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Shingles and Shakes!

Anyone passing along the A465 between Hereford and Bromyard will have noticed scaffolding on the steeple of St Peter’s and St Paul’s Church at Stoke Lacy, and the new golden shingle cladding emerging as the protective covering has been removed. You may, like us, wonder exactly what shingles are and where they came from.


The church steeple had been re-clad 30 years ago with cedar shingles. With help from the Heritage Lottery Fund these, now worn out, are being replaced with oak which should last up to 90 years. Happily, through one of the church wardens, a local man, Maurice Clother, was able to supply.


Maurice, with a BSc in Forestry, has a workshop in an old barn at Hill House Farm, on the National Trust Brockhampton Estate, just outside Bromyard. He has used seasoned oak from the Brockhampton wood. Shingles, or in this case, more properly known as shakes, are all hand-made. The woodman has a block with a groove to hold the cut wood and using a froe (the blade to split the wood) and a maul (a special wooden mallet) the shakes are split to the right thickness to make a wooden ‘tile’ which is ideally suited to hanging vertically on a wall or a very steep roof like a steeple. (Shingles are similar to shakes but sawn through not split along the grain of the wood.)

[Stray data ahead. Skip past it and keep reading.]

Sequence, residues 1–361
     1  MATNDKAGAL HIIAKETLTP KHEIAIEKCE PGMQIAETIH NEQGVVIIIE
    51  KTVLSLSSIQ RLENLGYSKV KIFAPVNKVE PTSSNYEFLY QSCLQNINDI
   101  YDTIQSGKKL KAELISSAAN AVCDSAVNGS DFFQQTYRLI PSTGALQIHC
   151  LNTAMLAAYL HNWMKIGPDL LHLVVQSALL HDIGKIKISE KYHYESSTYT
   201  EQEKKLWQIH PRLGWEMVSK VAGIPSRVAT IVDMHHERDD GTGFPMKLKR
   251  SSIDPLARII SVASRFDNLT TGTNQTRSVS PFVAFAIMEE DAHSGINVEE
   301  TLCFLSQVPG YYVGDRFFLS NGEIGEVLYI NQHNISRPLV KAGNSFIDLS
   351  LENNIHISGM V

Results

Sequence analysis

Maurice Clother hard at work making the shingles for St Peter's & St Paul's Church, Stoke Lacy


Maurice runs courses on various aspects of working with wood, including greenwood furniture making. www.touch-wood.co.uk or email: mauriceonline@hotmail.com.




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